From the start, the recruits are eager to get into uniform and to the front, and are puzzled by the behaviour of burned-out experienced soldiers like Tjaden and Kat. This latter, a large, pleasantly ugly man has a knack for scrounging for food and finding enough for the group, and soon, all the recruits stick with and respect this man, especially after their first bombardment. When one of the recruits realizes he has wet his trousers, Kat tells him not to worry about it, as it's happened to better men.
The stages of attacking, the bombardment, attack, counterattack, and repulse, is presented in graphic detail for that period, with the shots of men dying by artillery shells, being bayoneted, or machine-gunned. Some recruits go crazy waiting in the bunker during the bombardment, and one of them rushes outside, only to get cut down by bullets. And the aftermath isn't pretty for some. Franz Kemmerich ends up in the infirmary and has his leg amputated. From the grueling experience of phantom limb pain to the realization that one has lost his limb, the greed of some like Muller who wants Franz's nice boots, to the unconcern of the doctors who see Franz's death as another free bed, war is hell.
War changes people's perspectives. Paul fights and stabs a French soldier at close quarters in a foxhole, and he pleads and apologizes to the dying man, telling him that without these uniforms, they could be friends, and promising to write to his wife. And on leave, Paul is clearly alienated from the older civilians who have no clue that war has burned out his soul, and just keep telling him to give those Frenchies a licking and push on to Paris. I'd go for Tjaden's solution to war: get the politicians and generals wearing just their underpants into a big field and fight it out with clubs. But the discussion of the soldiers yields something still relevant: manufacturers want a war to sell more arms.
The subplot involving the butterflies is new, but the shot of the soldier reaching for the butterfly before being shot by a sniper symbolizes a soldier's whose burned out soul is suddenly heartened as seeing something beautiful, and suddenly thus illuminated within, reaches toward it.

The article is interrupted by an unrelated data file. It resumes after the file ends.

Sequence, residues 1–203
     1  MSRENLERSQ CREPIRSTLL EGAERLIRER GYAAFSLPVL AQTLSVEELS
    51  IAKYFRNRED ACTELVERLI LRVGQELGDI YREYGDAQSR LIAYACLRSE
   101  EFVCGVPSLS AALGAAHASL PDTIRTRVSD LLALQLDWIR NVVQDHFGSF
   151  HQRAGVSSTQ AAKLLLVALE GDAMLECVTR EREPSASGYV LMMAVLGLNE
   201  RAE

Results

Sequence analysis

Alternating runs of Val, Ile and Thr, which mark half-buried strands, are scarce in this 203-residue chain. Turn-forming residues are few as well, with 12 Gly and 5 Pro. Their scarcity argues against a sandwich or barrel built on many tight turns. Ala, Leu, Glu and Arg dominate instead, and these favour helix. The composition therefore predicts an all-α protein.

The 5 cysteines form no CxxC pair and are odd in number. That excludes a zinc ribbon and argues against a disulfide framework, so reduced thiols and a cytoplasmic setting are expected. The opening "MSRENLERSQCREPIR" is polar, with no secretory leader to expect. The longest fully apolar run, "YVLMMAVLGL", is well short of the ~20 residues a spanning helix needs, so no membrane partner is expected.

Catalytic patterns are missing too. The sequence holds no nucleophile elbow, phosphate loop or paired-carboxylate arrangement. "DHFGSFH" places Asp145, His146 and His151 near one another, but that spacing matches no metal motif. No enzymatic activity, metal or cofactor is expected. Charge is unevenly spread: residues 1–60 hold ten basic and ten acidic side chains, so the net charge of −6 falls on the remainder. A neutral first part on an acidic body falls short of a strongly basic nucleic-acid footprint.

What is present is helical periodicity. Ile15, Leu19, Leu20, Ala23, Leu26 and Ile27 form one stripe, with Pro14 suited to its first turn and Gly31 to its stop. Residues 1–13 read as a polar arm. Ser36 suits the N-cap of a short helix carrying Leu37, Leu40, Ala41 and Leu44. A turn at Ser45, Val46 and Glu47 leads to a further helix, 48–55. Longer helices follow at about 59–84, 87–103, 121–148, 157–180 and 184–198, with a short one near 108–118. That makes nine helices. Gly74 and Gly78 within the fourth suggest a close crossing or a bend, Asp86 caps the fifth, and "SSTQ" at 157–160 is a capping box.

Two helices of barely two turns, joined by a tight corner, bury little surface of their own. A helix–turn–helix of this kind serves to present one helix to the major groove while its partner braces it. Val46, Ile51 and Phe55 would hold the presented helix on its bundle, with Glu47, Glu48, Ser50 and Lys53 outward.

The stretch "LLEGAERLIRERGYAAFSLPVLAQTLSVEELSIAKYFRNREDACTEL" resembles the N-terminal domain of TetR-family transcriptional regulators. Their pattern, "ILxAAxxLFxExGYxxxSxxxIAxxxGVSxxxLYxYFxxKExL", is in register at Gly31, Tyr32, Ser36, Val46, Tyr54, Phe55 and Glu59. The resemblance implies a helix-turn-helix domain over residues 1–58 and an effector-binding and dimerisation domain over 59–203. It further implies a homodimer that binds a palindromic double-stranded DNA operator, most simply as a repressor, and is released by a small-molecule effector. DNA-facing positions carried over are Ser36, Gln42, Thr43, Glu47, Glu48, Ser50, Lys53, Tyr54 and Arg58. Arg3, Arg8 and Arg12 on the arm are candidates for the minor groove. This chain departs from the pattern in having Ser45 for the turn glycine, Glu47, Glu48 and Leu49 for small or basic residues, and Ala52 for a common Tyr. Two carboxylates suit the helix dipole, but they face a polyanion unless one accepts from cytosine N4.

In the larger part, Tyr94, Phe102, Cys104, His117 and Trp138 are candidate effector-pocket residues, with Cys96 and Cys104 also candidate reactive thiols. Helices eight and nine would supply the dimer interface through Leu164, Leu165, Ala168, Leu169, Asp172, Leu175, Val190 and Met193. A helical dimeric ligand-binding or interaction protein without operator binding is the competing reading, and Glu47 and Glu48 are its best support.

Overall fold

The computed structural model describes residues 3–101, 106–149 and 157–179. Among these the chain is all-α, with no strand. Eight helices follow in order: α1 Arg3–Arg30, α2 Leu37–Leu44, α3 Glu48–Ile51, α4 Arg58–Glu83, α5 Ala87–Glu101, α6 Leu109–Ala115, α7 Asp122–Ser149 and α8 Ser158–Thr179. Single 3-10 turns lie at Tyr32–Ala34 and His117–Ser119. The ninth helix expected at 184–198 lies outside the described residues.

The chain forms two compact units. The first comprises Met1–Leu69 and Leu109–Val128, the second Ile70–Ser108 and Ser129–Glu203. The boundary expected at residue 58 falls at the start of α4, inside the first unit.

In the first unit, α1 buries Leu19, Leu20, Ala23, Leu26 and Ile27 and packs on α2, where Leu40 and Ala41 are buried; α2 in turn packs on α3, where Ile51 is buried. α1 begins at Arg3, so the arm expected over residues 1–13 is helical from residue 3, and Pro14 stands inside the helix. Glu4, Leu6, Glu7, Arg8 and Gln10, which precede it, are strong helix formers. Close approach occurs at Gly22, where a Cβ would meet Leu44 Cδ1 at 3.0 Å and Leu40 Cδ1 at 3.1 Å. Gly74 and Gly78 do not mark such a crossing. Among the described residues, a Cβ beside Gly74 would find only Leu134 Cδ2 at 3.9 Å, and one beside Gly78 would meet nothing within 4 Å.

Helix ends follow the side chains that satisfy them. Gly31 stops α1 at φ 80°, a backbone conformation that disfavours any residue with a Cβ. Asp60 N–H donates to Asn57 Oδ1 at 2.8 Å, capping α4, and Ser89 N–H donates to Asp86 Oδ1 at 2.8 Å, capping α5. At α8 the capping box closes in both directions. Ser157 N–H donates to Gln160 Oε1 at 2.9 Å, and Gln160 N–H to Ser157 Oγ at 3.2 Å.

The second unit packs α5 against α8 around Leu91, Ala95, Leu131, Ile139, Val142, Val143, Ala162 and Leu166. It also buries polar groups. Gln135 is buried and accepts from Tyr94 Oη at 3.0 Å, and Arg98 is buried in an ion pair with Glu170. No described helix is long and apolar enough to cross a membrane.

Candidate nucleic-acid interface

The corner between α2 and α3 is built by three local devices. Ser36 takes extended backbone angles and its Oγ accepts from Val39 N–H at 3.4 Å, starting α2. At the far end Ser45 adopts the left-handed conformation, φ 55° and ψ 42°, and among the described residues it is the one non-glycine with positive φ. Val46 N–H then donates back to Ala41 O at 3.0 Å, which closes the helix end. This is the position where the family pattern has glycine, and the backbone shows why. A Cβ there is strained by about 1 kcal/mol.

All Quiet On The Western Front deservedly went on to win four Academy Awards, including Best Picture, in the US. However, Joseph Goebbels' antics in Berlin demonstrates how Germany was in a state of war denial. The incident at a theatre of the second night showing of the movie involved Goebbels' men starting disturbances and yelling anti-Semitic epithets that resulted in the film's termination after ten minutes. Goebbels hadn't even seen the film; he merely wanted to demonstrate Nazi power in Berlin and discredit Albert Grzesinski, Prussia's Interior Minister who was a Social Democrat. When the film was banned by the Board of Censors because it "endangered Germany's image abroad", the headlines of Goebbels' newspaper Der Angriff (German for The Attack) read "Grzesinski Defeated."
One of the few war films I'll watch due to its pacifist message, denouncing the glorification of war. The prologue at the movie's beginning, taken from Remarque's book, says it all: this story is neither an accusation nor a confession, and least of all, an adventure. For death is not an adventure to those who stand face to face with it. It will try simply to tell of a generation of men, who even though they may have escaped its shells, were destroyed by the war.